12 Years ... a masterpiece
Brilliant, brutal film a must-see for mature audiences
Wednesday, Nov 20, 2013 06:00 am
Rated "14A" for violence
Directed by Steve McQueen
Starring Chiwetel Ejiofor, Michael Fassbender, Brad Pitt, Benedict Cumberbatch, Sarah Paulson, and Paul Giamatti.
Solomon Northup is being hanged from a tree limb, his feet reaching the ground only barely. The tips of his toes slip around in the mud as he struggles to stay upright. Around him, the other slaves of the plantation continue to go about their business, their interference in his punishment strictly prohibited. They barely even take notice.
The day slowly passes into night, and this scene from 12 Years a Slave seemingly lingers at the same pace. It remains vivid in my memory.
It’s just one of the horrifying and incredible moments that occur onscreen in Steve McQueen’s powerful new movie, based on a true story. Northup’s crime? Working to side a house in the exact specific manner that he was instructed to by one of his many masters.
It is an exquisitely excruciating introduction to one person’s life in bondage. It’s not the only instance of onscreen brutality, however, and far from the worst. It’s simply a sample of what it means to be someone else’s property: to lose your identity and have your humanity shredded away from you, every joy and comfort … lost.
Yes, it’s a true story, and it’s an incredible, heartbreaking and awe-inspiring one all at the same time. It’s a testament to the human spirit that one person can spend so long in chains and still survive the torment in order to live free once again.
Northup (played brilliantly by Chiwetel Ejiofor) was an educated black man, a family man and an accomplished violinist in Saratoga Springs, New York. He lived as a free man in the United States at a time when that country still permitted the enslavement of human beings.
While on a trip outside the city, he was kidnapped and sold off, his passage as property taking him first to market and then from owner to owner. His resolve is incredible, staving off despair at every turn, even after being forced to take a different name, suffer beatings and threats of such, experience violence and abuse to himself and others, and more.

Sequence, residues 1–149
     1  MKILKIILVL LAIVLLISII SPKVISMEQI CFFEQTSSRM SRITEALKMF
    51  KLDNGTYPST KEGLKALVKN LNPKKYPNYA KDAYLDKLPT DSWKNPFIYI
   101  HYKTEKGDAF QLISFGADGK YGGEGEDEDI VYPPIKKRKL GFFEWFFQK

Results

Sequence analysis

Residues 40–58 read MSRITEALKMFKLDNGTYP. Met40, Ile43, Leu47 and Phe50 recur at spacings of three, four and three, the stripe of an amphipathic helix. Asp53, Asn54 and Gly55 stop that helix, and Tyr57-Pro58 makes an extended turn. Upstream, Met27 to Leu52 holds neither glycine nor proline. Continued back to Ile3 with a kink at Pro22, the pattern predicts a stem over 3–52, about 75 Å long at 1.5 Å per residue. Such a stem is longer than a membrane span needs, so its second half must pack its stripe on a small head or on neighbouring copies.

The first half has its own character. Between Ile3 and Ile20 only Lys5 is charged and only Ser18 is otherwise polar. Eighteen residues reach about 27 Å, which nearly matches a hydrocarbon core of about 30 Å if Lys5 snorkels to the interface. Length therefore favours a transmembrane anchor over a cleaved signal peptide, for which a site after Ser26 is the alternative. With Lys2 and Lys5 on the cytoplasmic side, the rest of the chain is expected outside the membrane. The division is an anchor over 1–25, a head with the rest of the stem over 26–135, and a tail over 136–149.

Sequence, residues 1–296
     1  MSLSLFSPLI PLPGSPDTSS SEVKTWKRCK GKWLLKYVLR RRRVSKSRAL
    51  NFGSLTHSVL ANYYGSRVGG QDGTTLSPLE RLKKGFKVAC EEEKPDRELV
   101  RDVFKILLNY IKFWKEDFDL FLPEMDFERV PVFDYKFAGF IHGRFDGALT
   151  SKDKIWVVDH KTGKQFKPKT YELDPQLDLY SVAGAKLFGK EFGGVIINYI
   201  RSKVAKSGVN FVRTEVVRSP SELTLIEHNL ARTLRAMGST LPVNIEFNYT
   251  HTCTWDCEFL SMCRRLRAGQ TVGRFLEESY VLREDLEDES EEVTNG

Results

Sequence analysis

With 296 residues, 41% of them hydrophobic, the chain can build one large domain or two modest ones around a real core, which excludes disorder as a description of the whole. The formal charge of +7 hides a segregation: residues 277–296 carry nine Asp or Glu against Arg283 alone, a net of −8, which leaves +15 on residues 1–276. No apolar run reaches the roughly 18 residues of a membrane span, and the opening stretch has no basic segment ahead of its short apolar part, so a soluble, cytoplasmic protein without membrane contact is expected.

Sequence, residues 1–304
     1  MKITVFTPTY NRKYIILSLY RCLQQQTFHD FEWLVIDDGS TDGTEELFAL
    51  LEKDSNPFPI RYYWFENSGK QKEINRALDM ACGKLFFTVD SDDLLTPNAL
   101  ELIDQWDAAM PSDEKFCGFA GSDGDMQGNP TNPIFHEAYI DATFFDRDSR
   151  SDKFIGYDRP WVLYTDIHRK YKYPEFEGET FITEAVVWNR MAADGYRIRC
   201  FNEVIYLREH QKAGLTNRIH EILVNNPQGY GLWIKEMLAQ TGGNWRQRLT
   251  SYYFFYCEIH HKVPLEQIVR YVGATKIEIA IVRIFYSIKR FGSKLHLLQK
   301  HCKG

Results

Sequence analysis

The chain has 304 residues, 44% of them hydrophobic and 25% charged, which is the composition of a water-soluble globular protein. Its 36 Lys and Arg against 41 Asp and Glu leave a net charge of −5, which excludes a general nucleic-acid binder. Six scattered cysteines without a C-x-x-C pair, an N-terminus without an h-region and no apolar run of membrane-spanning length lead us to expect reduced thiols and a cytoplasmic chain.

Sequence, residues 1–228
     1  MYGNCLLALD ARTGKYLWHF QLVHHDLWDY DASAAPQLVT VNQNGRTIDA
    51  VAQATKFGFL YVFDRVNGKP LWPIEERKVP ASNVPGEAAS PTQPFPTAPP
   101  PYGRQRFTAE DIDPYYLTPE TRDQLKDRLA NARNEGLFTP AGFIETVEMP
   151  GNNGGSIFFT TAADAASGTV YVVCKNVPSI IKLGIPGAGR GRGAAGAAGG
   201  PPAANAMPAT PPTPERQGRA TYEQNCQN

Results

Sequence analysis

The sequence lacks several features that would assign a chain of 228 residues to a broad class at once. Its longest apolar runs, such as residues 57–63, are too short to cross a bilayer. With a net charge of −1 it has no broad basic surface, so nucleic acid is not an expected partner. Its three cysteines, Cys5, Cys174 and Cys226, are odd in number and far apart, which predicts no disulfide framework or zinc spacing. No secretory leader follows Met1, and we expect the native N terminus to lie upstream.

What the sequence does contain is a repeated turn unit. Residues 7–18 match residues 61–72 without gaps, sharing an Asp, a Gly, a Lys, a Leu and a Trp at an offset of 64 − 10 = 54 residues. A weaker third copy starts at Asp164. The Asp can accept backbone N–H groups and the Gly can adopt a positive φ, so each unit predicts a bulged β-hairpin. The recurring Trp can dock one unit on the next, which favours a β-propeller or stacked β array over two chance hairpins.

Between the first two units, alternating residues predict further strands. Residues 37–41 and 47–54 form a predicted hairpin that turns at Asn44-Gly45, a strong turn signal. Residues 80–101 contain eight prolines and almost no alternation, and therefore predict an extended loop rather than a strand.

Director Steve McQueen is a director of exceptional skill, a minimalist who can tell a story as well as with the beautiful dialogue as with a moment of stillness. For these reasons, 12 Years comes across as a Shakespearean drama with its eloquent speeches and heart-rending performances, and malevolent villains. Its scenes of cruelty, however, rival The Passion of the Christ so be forewarned not to have a heavy meal in advance.
Northup is a noble and dignified man; his captors are savages. We know beforehand (thanks to his book of the same name) that he was able to find his freedom again in 1853, and even bring a lawsuit against his kidnappers. Even that was still a full decade before Lincoln enacted the Emancipation Proclamation, using Northup’s story partly as inspiration to explain why slavery is an abomination upon the planet.
What we have here is a film of great importance. It isn’t simply directed brilliantly by McQueen and written beautifully by John Ridley, but acted with some amazing talents. Chiwetel Ejiofor is a name that we should all learn to pronounce and a performer that we should all come to appreciate. His performance here is astonishing and outstanding. I don’t write all these superlatives for nothing.
Joining him in the cast are Benedict Cumberbatch, another versatile actor who can slip into roles so well that we forget who he is, despite his unique appearance. Then there’s Paul Giamatti, Paul Dano and Sarah Paulson, whose character – the wife of a vicious plantation owner played viciously by Michael Fassbender – has her own kind of quiet depravity tearing away at her soul.
All of these performers are exceptional but pale in comparison to Ejiofor and Lupita Nyong’o, who plays Patsey, another one of the slaves. She is a kind of foil for Northup, as her despair and the circumstances of her treatment are in obvious contrast to his extraordinary optimism.
In the year after Django Unchained, a year when we also had Lee Daniels’ The Butler come out, we are finally getting into this dark matter with open eyes and an expanding consciousness. It wasn’t so long ago that The Help was in theatres either. One must wonder how many such tragic stories have yet to be told, and how many are simply lost forever.
12 Years is a triumph in every way, a small film with a big impact. It’s also something that everyone should watch. Slavery, after all, still exists in this world and it’s a good reminder that we shouldn’t just care because producer Brad Pitt made a movie out of it.